Thursday, May 27, 2010

meetin' the person who......

The weather is on our side, currently. Yesterday was very nice, Saturday is looking even better. Yesterday, I had to take Patti to Midway airport, down on the south side of the city. On my way back north, I stopped at the GCM, they were doing well. They had a constant stream of customers. I stopped to pick up, baker at the market, Joe. He was there to face his, laminated product followers, and it pleased him very much. Upon a customer asking for a croissant or monkey bun, the market kids would introduce Joe as, "The guy who makes them". People were genuinely glad to see his face, they really had a chance to "Meet the producer". Next week, I think Jennifer Park is going. Folks who buy the danish pastries, flaxseed rye, sunflower rye or honey oatmeal bread, will be in luck.

Today we're gonna make a new quickbread loaf. Banana bread with peanut butter and chocolate chunks. We're callin' it, "Nananutterchoco loaf". There's a baking site on facebook, probably not how you say that, but it's "Baking 101". The site is run by my very philosophical baker buddy, Dan Klecko. He posted the formula. I ran down the proper size chocolate chunks, last week. We've been doin' more with these tea bread/quickbread, type loaves. We've gone to a disposable baking mold, a nice crisp looking cellophane bag and a bow tied with Bennison ribbon. It's a sharp looking package, suitable for a small gift. We have them in various spots in the store and near both registers. Keeping with seasonal trends, we made zucchini bread this week. Blueberries are next, lemon poppy seed bread with blueberries and then peaches.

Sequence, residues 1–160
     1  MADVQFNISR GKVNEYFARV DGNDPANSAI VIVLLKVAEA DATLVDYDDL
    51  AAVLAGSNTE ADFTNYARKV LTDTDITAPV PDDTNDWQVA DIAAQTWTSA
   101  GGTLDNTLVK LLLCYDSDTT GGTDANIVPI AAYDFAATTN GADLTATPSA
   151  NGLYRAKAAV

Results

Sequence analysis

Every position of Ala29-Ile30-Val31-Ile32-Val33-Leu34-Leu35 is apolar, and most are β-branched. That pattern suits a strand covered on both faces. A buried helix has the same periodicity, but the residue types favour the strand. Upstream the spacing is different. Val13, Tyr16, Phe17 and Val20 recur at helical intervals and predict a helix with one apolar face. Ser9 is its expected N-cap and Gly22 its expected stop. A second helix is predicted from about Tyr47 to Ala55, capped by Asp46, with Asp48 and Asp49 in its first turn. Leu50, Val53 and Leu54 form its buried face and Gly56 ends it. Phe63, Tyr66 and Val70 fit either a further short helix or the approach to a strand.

This weekend, my daughter graduates from college in California. We are all going so we've decided to forgo the Wilmette farmer's market, this weekend. We will still be at GCM and Evanston. Those of you looking for flaxseed rye, we will have it this weekend at GCM. In fact, I think we are going to start having that loaf at every GCM. I think we will go to alternating sunflower rye and honey oatmeal. It's no surprise, people know what's good. Our flax rye has incredible flavour, and stays moist for a good while. We soak the flax seed in three times it's weight in water. It's really kinda creepy. It gets like aspic, or clear jello with flax seed. They really don't swell, the omit jelling properties. If they aren't soaked before they are added to the dough, the seeds will draw the moisture from the crumb of the loaf, resulting in a very dry loaf. I sometimes think we should reduce some of the rye flour that is "soured", and just add it to the final dough, 'cause man it can get pretty sour, 'specially in the summer. The sour should be held around 55'f, but we only have a small fridge that we hold at that temperature. The sour sits at room temperature, 'round 80'f I'm guessin', and it really gets going. Someday we'll have a grown up bakery.

Gotta get goin' here, gotta get ahead on macaroons for the weekend. Yesterday it was lavender and vanilla. Today pistachio and red velvet.

Monday, May 24, 2010

monday morning

We increased the goods sent to the Saturday GCM by thirty five percent over the previous week. We made it until 11:10. The store was very busy Saturday. My buddy Chef Coppidge was here Saturday. The baker guys came and found me and said "A guy named Rich is at the back door". I went to the door and there he was. He said "I couldn't get in the store, they are lined up outside". We didn't do quite as well yesterday. I think the heat has chased everyone to the beach. I was in Hartigan's ice cream shop last night, they were busy.

The rhubarb danish in the picture, is what we sent to the GCM, Saturday. We made a change to it. In the center, we piped a little cream cheese filling, under the streussel. I didn't taste them, but they sure look great. Next to pretzel rolls, I think danish was the second thing we sold out of. People know what's good.